One intriguing subplot to the post-convention polls has been that some attractive purple states like Pennsylvania and New Hampshire have broken sharply blue while others like Florida and Ohio have remained close-ish, with Clinton out to a comfortable but hardly decisive 4-5 point lead. That’s been a minor comfort to Trump’s campaign over the last few hard weeks. With Ohio and Florida within striking distance, he could focus on solving the major problem he’s having right now in Pennsylvania.
If you believe this new survey from Monmouth, though, Florida has begun to go sideways too. Not only does Clinton now lead by nine, she’s at 48 percent in a four-way race, her best number yet in the state and several points better than she does nationally in a four-way race. Monmouth is a highly regarded pollster too, rated A+ by FiveThirtyEight. Which raises an important question: What are we going to blog about until November now that the election’s no longer remotely suspenseful?
Clinton has an overwhelming lead among Hispanic, black and Asian voters who make up about one-third of the electorate, garnering 69% of this group’s vote to 19% for Trump. Trump leads among white voters by 51% to 37%, but there is a significant gender split. Among white men, Trump has a 64% to 24% advantage. Among white women, Clinton leads by 49% to 39%. There is no difference by educational attainment, with Trump ahead among white voters without a college degree (51% to 39%) as well as white college graduates (50% to 36%).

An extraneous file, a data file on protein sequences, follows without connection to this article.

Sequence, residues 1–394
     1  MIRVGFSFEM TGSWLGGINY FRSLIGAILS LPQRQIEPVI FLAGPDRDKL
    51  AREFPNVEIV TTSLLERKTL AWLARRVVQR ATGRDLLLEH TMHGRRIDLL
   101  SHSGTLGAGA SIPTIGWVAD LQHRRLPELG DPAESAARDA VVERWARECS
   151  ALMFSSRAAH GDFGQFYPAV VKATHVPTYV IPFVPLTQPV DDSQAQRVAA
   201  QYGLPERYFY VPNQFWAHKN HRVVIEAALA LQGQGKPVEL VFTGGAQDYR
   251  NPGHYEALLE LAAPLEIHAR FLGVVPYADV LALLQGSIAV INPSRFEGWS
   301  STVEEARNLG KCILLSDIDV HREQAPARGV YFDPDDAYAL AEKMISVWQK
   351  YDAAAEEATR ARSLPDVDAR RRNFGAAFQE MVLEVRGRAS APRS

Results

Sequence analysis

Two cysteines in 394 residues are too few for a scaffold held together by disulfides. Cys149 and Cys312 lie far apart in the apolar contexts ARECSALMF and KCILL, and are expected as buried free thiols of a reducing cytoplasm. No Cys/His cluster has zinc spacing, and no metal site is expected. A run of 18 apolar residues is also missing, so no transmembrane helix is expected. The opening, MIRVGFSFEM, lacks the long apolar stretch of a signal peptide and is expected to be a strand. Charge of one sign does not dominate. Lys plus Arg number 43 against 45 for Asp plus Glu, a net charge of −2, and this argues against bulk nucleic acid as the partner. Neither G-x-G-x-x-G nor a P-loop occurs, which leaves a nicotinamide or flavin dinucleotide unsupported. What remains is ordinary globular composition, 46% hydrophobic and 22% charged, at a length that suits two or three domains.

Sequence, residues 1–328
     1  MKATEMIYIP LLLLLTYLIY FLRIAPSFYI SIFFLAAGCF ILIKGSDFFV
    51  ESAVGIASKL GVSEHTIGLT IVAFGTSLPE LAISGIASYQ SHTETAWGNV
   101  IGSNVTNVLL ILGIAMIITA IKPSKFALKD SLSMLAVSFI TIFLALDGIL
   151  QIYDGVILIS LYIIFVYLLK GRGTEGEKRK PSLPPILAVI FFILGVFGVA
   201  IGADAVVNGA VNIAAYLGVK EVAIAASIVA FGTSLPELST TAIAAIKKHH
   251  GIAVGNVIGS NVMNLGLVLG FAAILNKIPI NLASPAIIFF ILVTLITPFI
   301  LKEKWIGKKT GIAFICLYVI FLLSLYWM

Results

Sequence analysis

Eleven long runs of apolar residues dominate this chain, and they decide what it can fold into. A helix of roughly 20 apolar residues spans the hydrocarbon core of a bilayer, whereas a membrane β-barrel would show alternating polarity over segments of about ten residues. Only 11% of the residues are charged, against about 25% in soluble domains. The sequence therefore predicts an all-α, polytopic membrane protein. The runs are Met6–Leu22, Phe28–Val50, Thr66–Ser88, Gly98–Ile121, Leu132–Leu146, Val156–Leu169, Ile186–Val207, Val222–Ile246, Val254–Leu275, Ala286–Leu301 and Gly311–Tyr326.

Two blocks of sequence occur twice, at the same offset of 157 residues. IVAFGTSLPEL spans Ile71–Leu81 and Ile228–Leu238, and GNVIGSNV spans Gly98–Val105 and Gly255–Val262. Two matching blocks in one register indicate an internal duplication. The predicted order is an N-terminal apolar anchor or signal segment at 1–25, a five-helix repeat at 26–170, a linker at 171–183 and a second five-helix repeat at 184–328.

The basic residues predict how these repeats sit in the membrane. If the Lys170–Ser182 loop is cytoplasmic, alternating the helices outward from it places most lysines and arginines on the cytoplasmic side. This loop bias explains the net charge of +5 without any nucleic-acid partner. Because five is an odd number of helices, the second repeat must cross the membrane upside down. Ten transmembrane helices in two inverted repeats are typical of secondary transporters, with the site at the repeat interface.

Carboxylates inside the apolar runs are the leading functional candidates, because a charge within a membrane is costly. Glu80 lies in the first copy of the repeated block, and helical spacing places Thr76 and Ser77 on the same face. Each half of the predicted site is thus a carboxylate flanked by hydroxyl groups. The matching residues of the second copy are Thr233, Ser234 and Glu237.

Clinton’s 50 point lead among non-white voters is similar to Barack Obama’s advantage over Mitt Romney with this group four years ago (49 points according to the 2012 Florida exit poll). Trump’s 14 point lead among white voters is smaller than Romney’s 24 point win with this group. This difference is due mainly to a widening gender gap. Trump is doing somewhat better than Romney did among white men (+40 points compared to +32), but much worse among white women (-10 points compared to +17).
A week ago, Quinnipiac found Florida dead even at 43 thanks to Trump’s superior performance among white voters. The same poll had Clinton up big in Pennsylvania thanks to her lead there among white college graduates, but there was no similar educational split among whites in Florida. Trump led across educational strata. Interestingly, Monmouth is seeing the same thing here — Trump leads among whites with and without a college diploma — but he trails badly overall thanks to Hillary cutting deeply into his support among white women. Trump has to win whites overwhelmingly to offset Clinton’s enormous lead among nonwhites. The more secondary demographic criteria come into play to dilute that support (education, gender, suburbanites, etc), the more trouble he’s in. As a related example, ABC finds Trump leading nationally by a mammoth 68/27 margin among white men without a college degree, the sort of lead that would give him a legit chance of winning if he could replicate Romney’s numbers with other groups. But he can’t: Among college-educated white women, a group Romney won narrowly, Trump trails Hillary by 20 points. I said last week somewhere that all Republican nominees are niche candidates insofar as they rely heavily on whites but Trump is a niche-within-a-niche candidate because he relies extremely heavily on only certain white subgroups. That’s truer than ever, and it’s the path to electoral ruin.